Sponsored by the City of Philadelphia, SEPTA and PennDOT, Route for Change is an organization aiming to make the Boulevard more safe, accessible and reliable.
Route for Change is an organization that is hoping to make improvements to Roosevelt Boulevard. Its main goals are to make the route safe, accessible, reliable and transformative.
Sponsored by the city of Philadelphia, SEPTA and PennDOT, the group is reaching out to community members to present ideas and receive feedback.
Last week, the group held a presentation at the Mayfair Community Center to continue outreach and receive feedback. It presented preliminary ideas with the goal to be implemented by 2025.
Ideas included a second boulevard-specific direct bus, improvements at key intersections and an improved biking network.
From 2012 to 2016, Roosevelt Boulevard accounted for 7 percent of all vehicle crashes in the city of Philadelphia. It also was responsible for 13 percent of all traffic-related deaths in the city.
There were 60 traffic-related deaths on the boulevard — a figure that averages out to one death a month. There were also 91 injuries in the same time frame.
In the city of Philadelphia, there were approximately 10,000 crashes from 2012 to 2016. Four children are reported to be involved in traffic crashes on a daily basis.
“The boulevard is almost like a blank canvas,” said presenter Angela Dixon. “It’s very wide — we’ve got 12 lanes. There is enough room for all traffic modes to exist, but we have to start thinking about a way to change the way the boulevard functions.”
About 70 percent of residents who talked to Route for Change said their opinion of the boulevard was negative, citing safety as their biggest concern. Other concerns include traffic congestion, timely transit service and inadequate pedestrian and transit amenities.
Recently, SEPTA unveiled Direct Bus, which offers transportation on the boulevard from Frankford Transportation Center to Neshaminy Mall.
Route for Change is hoping to introduce a second direct bus that would offer transportation to the southern end of the boulevard.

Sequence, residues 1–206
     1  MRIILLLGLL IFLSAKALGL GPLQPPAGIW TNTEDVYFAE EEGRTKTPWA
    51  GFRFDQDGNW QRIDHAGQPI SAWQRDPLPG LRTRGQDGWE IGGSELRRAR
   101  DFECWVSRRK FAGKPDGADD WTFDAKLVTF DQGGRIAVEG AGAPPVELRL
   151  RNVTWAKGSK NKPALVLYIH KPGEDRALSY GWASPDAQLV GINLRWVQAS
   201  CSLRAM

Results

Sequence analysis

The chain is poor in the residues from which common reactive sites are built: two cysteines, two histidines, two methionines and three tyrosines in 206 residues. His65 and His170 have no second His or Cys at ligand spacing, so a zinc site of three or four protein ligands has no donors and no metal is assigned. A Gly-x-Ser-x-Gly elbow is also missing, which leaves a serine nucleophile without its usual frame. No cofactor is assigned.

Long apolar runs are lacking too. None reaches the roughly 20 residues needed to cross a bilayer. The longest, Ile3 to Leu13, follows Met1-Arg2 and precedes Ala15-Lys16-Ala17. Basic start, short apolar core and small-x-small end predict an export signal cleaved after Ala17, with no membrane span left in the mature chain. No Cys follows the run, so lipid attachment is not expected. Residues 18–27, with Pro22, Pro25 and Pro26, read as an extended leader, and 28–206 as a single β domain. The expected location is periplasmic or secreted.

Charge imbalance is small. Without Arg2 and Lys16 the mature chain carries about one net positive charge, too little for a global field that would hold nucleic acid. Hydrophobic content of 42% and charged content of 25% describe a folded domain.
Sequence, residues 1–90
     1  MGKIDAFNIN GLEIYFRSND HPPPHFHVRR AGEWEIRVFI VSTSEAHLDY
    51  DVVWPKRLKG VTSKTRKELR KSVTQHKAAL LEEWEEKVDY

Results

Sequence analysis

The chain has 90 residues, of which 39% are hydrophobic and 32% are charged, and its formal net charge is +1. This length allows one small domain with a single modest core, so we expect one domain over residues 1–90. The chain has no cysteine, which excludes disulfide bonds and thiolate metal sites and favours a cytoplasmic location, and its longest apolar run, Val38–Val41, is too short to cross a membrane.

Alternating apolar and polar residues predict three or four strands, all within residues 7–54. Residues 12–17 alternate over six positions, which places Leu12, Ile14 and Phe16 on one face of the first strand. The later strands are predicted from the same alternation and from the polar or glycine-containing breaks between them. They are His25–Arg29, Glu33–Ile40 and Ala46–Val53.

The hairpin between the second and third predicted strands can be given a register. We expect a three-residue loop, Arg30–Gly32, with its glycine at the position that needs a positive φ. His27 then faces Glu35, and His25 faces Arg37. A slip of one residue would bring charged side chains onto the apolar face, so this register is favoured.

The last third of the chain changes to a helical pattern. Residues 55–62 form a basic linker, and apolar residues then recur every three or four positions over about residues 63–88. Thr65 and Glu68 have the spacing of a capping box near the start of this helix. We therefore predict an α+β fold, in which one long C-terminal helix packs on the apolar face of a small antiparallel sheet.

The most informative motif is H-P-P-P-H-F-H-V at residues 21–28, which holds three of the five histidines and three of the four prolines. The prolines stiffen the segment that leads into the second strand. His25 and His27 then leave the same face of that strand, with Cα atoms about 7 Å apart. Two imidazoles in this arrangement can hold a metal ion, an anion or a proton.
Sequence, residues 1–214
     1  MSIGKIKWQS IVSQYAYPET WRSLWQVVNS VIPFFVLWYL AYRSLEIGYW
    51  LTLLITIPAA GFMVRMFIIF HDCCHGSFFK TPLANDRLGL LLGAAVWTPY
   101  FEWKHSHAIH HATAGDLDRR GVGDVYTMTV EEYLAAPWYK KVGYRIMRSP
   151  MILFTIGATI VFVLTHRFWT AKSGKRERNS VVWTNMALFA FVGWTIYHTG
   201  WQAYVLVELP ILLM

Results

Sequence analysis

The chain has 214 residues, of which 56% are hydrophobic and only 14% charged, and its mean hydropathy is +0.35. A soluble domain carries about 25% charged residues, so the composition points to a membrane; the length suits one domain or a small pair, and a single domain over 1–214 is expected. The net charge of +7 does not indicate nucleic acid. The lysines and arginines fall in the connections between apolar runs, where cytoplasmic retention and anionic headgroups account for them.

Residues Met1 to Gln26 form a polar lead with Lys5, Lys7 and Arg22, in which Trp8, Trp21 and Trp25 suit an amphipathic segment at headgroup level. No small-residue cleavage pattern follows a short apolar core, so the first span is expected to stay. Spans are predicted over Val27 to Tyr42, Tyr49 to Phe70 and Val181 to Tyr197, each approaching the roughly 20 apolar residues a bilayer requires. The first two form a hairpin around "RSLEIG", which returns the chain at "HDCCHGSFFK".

Another issue they are hoping to tackle is the difficulty of making left turns onto side streets. Drivers have to look for fleeting gaps in two lanes of traffic to make left turns on some major streets, such as Harbison Street, Grant Avenue and Red Lion Road. The presentation included a video simulation of two possible routes of action the group is getting feedback on.
The first idea, known as split phasing, would split up left-turning vehicles into queues depending on where they are turning. Pros for this idea include relatively low costs to change signal timing, and it would eliminate conflicting movements for side-street left turns. However, it would drastically slow down pedestrians, as it would take a projected 6.2 minutes for a pedestrian to cross all lanes from the time the first walking signal starts.
Another option is to offset left turns, which would consist of shifting left turns further to the left by installing new medians. This change would eliminate conflict between side-street left turns and shorten pedestrian crossing, but it would be costly to install new medians, signage and driver education. It would require drivers to enter a lane that has opposite-moving traffic on either side of them, which could confuse or scare drivers.
Neither idea is final and Route for Change is still considering its options.
Route for Change will host several public meetings to get feedback from residents, including reaching out to civic associations and hosting public meetings such as this one. Visit RooseveltBlvd.com to stay updated. ••